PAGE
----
Arts and Cultures - Goddess Mehr/Anahita of Ancient Persia

Arts and Cultures

The conceptualisation of a warrior goddess associated with lion as a symbol of power was very popular in ancient cultures. In previous post, we learnt about Al-Lat who was also associated with lion and was worshipped as a great goddess of war and victory in raids in ancient Arabia. 

Persia evolved ancient religions such as Mithraism and Zoroastrianism. Upto 6th century BCE, Mithraism was popular in ancient Persia. The main deity of this religion was Mithra, who was a solar deity and regarded as the great god. Sometime around 6th century BCE, Zoroastrianism began to take shape in Persia. It had Ahura Mazda as the main deity and it had the conceptualisation of a great warrior goddess called Mehr or Anahita.

Mehr/Anahita rode a lion and killed a buffalo demon. She is often depicted with the lion and buffalo. She granted victory in war and was worshipped to gain worldly prosperity. Her festival Mehrgan was observed for 10 days around the winter solstice, exactly when Judaism observes Rosh Hoshanna and Yom Kippur. The two festive periods overlap.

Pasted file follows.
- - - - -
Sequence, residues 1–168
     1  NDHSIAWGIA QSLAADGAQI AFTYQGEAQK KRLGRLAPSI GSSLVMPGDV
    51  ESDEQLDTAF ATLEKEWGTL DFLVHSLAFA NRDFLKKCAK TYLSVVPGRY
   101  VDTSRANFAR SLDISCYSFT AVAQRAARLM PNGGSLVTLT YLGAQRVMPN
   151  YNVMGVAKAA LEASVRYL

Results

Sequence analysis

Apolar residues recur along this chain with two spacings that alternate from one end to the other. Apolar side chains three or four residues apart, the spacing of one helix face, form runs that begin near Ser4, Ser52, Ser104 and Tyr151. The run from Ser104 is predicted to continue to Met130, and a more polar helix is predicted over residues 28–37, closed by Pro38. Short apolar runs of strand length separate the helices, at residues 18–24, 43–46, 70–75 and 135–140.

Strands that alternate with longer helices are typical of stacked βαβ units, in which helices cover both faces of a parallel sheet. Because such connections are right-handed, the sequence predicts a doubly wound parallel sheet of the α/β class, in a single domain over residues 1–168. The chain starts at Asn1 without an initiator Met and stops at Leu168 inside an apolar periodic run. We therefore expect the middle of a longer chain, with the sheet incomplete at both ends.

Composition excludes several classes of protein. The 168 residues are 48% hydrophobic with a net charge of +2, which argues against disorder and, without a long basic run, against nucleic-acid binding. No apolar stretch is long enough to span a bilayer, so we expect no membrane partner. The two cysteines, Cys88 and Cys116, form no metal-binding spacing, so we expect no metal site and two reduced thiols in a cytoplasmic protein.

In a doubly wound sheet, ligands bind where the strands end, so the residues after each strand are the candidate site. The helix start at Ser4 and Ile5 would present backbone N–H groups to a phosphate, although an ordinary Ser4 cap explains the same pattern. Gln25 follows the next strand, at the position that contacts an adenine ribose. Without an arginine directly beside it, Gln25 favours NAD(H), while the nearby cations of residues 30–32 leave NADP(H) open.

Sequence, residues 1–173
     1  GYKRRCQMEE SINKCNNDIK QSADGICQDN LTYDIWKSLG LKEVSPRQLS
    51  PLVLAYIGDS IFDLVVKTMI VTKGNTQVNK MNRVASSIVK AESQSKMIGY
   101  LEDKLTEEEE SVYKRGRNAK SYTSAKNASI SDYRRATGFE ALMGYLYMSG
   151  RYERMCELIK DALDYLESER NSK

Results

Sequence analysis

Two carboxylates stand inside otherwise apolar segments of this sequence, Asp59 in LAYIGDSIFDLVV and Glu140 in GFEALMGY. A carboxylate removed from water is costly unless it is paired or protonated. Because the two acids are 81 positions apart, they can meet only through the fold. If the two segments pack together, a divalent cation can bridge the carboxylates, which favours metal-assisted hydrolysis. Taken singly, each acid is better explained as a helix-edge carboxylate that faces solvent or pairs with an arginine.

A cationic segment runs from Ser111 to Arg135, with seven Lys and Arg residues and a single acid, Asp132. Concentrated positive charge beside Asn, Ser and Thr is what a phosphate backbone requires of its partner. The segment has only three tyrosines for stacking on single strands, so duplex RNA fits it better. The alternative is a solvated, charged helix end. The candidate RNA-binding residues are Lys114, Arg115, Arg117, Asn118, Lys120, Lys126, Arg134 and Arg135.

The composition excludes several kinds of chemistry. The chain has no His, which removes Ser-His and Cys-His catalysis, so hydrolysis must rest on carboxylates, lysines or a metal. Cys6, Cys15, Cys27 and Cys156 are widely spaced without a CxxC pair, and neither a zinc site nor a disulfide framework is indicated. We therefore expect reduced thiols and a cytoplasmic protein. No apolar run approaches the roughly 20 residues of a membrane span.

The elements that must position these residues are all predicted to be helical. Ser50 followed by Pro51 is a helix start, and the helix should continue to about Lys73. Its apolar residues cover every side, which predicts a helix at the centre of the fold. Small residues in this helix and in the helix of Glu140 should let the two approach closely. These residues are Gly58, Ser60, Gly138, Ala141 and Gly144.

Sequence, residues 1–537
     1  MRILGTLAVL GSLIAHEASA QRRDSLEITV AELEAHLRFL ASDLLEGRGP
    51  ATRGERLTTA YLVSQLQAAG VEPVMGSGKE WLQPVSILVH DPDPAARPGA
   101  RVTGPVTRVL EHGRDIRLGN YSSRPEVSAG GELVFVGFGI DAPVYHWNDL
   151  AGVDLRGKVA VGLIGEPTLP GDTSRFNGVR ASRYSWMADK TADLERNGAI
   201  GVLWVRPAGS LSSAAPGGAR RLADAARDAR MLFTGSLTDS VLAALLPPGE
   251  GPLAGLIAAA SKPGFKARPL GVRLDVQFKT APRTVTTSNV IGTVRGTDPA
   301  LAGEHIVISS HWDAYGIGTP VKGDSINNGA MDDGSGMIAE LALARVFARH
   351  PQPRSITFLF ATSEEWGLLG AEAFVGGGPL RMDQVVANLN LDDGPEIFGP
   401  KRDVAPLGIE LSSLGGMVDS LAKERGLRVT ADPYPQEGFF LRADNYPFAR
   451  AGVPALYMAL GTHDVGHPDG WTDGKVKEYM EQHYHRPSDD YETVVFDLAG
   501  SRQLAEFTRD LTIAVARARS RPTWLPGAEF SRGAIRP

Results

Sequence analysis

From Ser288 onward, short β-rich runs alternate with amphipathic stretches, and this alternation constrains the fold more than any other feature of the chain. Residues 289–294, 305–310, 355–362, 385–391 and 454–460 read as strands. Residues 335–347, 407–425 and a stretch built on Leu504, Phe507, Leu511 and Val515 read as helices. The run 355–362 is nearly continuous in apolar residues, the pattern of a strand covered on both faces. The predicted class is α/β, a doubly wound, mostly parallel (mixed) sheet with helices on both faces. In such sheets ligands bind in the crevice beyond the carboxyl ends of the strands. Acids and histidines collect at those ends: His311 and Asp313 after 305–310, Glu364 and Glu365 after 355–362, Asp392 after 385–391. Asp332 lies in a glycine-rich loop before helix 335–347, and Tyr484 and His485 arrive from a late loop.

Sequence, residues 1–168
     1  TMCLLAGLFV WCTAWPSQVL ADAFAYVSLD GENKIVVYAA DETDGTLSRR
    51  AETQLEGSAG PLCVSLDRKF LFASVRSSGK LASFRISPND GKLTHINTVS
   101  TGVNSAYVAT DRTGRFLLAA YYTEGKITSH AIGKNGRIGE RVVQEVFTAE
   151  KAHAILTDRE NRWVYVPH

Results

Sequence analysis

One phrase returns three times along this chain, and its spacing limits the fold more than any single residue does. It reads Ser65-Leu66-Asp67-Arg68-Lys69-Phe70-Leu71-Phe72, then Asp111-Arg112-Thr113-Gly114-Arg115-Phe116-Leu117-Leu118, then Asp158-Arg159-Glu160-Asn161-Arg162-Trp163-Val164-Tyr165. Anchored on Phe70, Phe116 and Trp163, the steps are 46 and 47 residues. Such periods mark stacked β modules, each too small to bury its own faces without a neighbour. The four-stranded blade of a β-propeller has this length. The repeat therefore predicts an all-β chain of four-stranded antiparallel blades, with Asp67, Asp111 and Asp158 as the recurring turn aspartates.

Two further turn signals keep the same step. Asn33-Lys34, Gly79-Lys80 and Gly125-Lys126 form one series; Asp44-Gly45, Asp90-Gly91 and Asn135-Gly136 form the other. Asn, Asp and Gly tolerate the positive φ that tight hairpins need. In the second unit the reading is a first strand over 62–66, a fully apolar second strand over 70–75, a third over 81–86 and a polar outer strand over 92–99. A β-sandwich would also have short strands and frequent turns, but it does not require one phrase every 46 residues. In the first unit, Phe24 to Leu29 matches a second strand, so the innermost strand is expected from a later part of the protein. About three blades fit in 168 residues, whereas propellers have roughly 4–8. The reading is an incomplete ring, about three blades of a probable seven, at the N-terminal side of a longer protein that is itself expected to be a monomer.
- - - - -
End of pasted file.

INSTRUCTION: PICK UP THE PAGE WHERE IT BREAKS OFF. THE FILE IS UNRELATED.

Her iconography usually shows her as associated with lion and buffalo.

It is difficult to say if Mehr of Persia was older than Al-Lat of Arabia, or vice versa, or if there was any exchanges of ideas between the conceptualisation of the two goddesses of relatively neighbouring regions. Persia did conquer parts of the Fertile Crescent around 500 BCE and this region came under Zoroastrian influence as a consequence of the expansion of the Achaemenid Empire. It;s quite possible that the worship of Al-Lat arose in Arabia as a result of its contact with Mehr/Anahita, or vice versa. It is also possible that the two developments were independent and completely co-incidental.

More on the warrior goddess in the next post.

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